Society of Modern Tax Collectors and Pharisees

Luke 18:9-14
In her memoir Breathing Space, Pastor Heidi Neumark tells of giving out ashes on the street outside her church in the South Bronx on Ash Wednesday. It was long before ashes-to-go were a thing – it was almost a necessity. You see, that neighborhood was one of the most hard-scrabble and forgotten places in NYC.
Pastor Heidi knew the people of the neighborhood. She often walked its streets and visited with neighbors. Some of the folks she met had started coming to the church. Some became members and leaders in the congregation. 
But others would not step inside the church. No matter how many times Pastor Heidi visited with them on the street or prayed with them in their apartments.
They would not come inside. They were the addicted, the sick, the people who’d burned all their bridges. They didn’t come inside because they believe they weren’t worthy of God’s grace.
So, Pastor Heidi came to them: outside. She spoke the words, “Remember that you are dust and unto dust you shall return,” and made a dark smudge on their faces. They understood what that dark smudge meant. It was their sin, their unworthiness, their messed-up lives. It told the truth about them, but it was also in the shape of a cross—a sign that no life, no person is beyond redemption.
In our Gospel lesson today, Jesus tells a story about two men who come to the temple to pray. 
One is what we’d generally think of as a good guy: 
  • He is a Pharisee, which means that he was educated, an upstanding member of the community, likely a family man.
  • He’s a model of faithful living. He prays at the temple and fasts regularly—he even tithes. 
By all the usual standards, this guy’s got his life together. So, when he comes to the temple, he comes right inside and prays with confidence: Thank you, God, for making me what I am!
The other man who comes to pray, on the other hand, is a tax collector.
  • Tax collectors worked for the Romans, the occupying power.
  • They made their living off the backs of the common people, and often skimmed money off the top to line their own pockets.
So, when this guy came to pray, he was public sinner #1. He stood ‘far off,’ not even coming near the temple. Like the people receiving ashes on the street, he wouldn’t come inside. His prayer was not one of thanksgiving, but a heart wrenching plea for mercy.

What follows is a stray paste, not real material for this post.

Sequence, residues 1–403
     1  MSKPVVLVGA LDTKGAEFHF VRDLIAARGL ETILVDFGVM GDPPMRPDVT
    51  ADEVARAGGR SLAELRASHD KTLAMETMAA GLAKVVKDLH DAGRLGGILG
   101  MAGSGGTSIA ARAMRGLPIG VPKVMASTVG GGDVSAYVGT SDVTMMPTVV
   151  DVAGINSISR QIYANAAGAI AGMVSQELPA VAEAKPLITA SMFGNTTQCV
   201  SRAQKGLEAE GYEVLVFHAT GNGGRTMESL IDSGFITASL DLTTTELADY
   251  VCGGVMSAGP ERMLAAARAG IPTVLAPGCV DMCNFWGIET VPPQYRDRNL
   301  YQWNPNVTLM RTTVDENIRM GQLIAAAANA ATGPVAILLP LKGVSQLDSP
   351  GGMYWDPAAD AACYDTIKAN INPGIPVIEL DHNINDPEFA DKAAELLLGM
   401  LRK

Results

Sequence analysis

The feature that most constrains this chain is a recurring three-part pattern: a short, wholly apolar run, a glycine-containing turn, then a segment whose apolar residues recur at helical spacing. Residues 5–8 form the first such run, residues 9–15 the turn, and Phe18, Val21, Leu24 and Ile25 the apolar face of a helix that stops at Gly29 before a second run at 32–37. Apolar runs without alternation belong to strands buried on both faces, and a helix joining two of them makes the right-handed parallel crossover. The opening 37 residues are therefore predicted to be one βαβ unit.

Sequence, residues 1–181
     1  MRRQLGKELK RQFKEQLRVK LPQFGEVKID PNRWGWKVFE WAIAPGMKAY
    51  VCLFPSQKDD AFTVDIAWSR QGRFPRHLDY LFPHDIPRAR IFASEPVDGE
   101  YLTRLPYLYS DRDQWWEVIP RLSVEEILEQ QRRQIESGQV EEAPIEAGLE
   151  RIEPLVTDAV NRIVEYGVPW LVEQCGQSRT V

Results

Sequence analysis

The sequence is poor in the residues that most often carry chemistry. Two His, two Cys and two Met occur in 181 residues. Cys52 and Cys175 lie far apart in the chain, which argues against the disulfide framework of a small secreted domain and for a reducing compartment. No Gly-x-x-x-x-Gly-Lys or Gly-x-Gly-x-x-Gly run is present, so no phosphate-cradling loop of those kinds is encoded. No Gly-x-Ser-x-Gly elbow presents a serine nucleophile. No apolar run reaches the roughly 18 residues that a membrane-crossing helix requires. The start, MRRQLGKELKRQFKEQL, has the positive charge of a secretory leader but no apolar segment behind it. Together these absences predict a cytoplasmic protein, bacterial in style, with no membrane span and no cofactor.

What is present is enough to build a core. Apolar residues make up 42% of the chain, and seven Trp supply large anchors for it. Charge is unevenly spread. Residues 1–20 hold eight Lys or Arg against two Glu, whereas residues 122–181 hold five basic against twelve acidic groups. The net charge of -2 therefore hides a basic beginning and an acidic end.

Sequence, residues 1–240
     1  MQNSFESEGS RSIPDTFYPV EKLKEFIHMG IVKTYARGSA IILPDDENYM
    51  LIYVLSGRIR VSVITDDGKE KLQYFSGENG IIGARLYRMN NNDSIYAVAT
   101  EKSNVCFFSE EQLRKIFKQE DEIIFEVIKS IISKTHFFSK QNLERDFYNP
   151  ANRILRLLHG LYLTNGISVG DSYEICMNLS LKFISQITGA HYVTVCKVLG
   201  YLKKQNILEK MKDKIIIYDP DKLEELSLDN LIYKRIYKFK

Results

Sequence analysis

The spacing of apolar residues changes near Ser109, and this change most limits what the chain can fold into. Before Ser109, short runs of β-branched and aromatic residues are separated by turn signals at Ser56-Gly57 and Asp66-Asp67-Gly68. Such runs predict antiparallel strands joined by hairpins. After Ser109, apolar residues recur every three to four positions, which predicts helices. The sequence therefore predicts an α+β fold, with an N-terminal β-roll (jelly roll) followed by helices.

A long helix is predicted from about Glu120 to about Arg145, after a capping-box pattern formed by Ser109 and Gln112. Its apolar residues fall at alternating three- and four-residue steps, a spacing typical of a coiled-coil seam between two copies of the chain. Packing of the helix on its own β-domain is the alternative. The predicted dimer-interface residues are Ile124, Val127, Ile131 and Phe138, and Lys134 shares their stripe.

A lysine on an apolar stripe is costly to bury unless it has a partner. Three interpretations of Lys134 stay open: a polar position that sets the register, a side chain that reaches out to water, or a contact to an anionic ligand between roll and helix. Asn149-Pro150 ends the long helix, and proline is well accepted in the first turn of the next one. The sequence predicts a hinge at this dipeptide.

Jesus’ parables always invite us to imagine ourselves as one of the characters. We don’t want to be the despised tax collector. We don’t want to be the bum outside on the street getting ashes. Given a choice, I think most of us would rather be the Pharisee in this story. We want to be the one on the inside with our life together, the one people look up to and say, “Wow! I want to be like her!”
But the Pharisee, for all his achievements, really misses the boat. Jesus tells this story in such a way that we can see right into his heart. We see that his goodness becomes a way for him to look down on other people. It becomes his measuring stick for judging others. And when they don’t measure up, he takes it as a moral failure. He stands separated from them, out of touch with their suffering, aloof and arrogant.
That’s when Jesus turns the tables. The tax collecting sinner—the one who’s messed up his whole life, who’s lied and cheated and maybe even been in jail—This is the one Jesus lifts up as an example. “This [tax collector] went down to his house justified, rather than the other; for all who humble themselves will be exalted, and all who exalt themselves will be humbled.”
Jesus lifts this man up, because he understands the fundamental thing: his need for God’s mercy.

It’s a hard parable, because I don’t want to identify with either of the characters.

I don’t want to try on the shoes of the tax collector who feels on the outside of God’s grace

Or be such a smug jerk like insider Pharisee.

The truth is, my friends, there is little difference between those on the outside and those within. We all have a little of the Pharisee and the tax collector within us. We are all in recovery from something that has shaken us to our core. We come here out of our deep and abiding need for forgiveness, love and mercy. This, says Jesus, is what makes a person justified, right in the eyes of God.

  • Not your good life
  • Not your success
  • Not your education or your 401k
What makes you right in the eyes of God is recognizing your need.

This parable invites us to consider who is on the outside today, who might be uncomfortable setting foot into a church.

  • The person going through a divorce
  • The person with a child on the spectrum
  • The person who loves someone incarcerated or lives with mental illness


It might be me or you whose life seems to be a mess. It invites us to consider who might feel on the inside track today, hard hearted and Impervious to the struggles of others. Someone who needs an infusion of humility and compassion – and it might be us.
It leads us to understand we are in the same boat. And so, we can let go of judgment, and instead reach out to others, embrace them as brothers and sisters on the journey.
Jesus’ parable teaches us that there really aren’t insiders or outsiders to God. There are just people who know their need for God, and those who still need to see it. 
We are a community of forgiven sinners, the society of modern tax collectors and Pharisees.
If we can put on those shoes, then we’ll all go down justified. 

We’ll live out the extravagant and transforming love of Jesus.

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